PCR tests have their own problems. While more reliable than antigen tests, they can show someone is positive for the virus up to 100 days after they are no longer infectious – an unnecessary overcorrection for admissions tickets.

The FDA has also recently approved rapid PCR tests that can produce results in just under an hour. In the NCAA basketball tournaments, the NCAA used PCR tests for men’s teams and antigen tests for the women, which caused an uproar over the unequal treatment.

But many epidemiologists stressed that the quality of FDA-approved tests varies considerably. Furthermore, the samples collected may be faulty or contaminated, the person conducting the tests might be sloppy and the labs themselves might be deficient. “There are crappy companies running good tests,” Harris said.

The problem of false positive and false negative results goes beyond the risk of exposing people to infection. Epidemiologists fear that excess faulty results could cause people to ignore results altogether and fail to take necessary public health precautions.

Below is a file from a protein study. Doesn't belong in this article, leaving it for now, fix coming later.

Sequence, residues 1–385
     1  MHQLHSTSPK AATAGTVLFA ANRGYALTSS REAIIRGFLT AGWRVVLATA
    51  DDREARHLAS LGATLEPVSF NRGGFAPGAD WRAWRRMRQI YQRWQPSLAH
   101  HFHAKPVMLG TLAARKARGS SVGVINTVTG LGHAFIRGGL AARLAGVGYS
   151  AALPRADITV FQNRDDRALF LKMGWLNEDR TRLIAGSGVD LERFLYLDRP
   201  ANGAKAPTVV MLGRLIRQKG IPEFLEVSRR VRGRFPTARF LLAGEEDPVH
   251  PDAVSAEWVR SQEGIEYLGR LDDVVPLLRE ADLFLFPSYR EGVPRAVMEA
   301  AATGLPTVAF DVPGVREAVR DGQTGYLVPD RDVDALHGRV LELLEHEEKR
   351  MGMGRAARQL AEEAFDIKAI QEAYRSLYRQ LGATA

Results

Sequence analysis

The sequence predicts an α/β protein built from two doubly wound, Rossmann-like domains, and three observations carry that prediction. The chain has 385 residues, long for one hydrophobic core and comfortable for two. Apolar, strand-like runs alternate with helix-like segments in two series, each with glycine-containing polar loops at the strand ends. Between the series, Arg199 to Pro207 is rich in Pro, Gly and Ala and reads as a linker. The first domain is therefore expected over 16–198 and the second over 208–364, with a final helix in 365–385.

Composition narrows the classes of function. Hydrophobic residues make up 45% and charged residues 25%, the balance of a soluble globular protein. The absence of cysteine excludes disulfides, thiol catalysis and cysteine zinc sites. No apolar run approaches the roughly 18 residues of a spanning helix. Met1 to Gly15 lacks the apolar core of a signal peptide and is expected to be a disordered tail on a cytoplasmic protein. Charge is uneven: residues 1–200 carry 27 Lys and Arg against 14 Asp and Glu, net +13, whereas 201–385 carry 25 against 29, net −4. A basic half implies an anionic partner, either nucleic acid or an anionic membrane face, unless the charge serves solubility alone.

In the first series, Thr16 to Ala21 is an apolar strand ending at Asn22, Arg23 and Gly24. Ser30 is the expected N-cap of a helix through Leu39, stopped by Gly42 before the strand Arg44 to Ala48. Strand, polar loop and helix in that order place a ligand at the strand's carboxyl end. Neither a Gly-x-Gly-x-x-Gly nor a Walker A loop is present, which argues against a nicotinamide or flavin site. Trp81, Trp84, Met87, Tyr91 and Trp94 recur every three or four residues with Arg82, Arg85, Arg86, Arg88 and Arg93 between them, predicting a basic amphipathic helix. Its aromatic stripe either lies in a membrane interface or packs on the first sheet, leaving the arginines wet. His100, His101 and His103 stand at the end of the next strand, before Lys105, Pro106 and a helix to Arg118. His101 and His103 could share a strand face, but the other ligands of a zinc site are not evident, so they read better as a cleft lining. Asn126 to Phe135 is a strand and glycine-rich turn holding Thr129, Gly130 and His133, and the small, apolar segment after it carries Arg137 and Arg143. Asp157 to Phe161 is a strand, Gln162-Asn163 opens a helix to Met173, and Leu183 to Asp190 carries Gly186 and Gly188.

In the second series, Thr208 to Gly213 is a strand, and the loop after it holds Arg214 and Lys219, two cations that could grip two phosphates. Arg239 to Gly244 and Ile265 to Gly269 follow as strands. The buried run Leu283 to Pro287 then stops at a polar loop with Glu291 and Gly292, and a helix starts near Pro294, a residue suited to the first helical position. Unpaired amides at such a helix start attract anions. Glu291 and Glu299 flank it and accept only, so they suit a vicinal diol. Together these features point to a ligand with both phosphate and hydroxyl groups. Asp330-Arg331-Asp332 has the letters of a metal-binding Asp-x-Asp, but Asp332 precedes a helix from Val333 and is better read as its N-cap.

“People who want to do something or need to do something, like those who have to go to work – they probably wouldn’t look for a reason not to go to work if they didn’t feel sick,” said Maryland’s Morgan. “So, if they get a positive result, they may not choose to stay at home, figuring the test was wrong anyway.”

Osterholm said there should be national testing standards that explain who should be screened and how often, the meaning of positive tests and what actions those results should prompt.

But even epidemiologists skeptical about mass testing think it could occasionally be useful.

“If in a community prevalence is high and very few people have been vaccinated, then yes, I would say regular testing in schools and colleges and businesses can make sense,” said Harris.

“But if prevalence is low and you have a high vaccination rate, that reduces the value of testing and increases the probability that you are getting a lot of false positives.” It would be better to spend the effort and resources on other mitigation efforts and on getting people vaccinated, he said.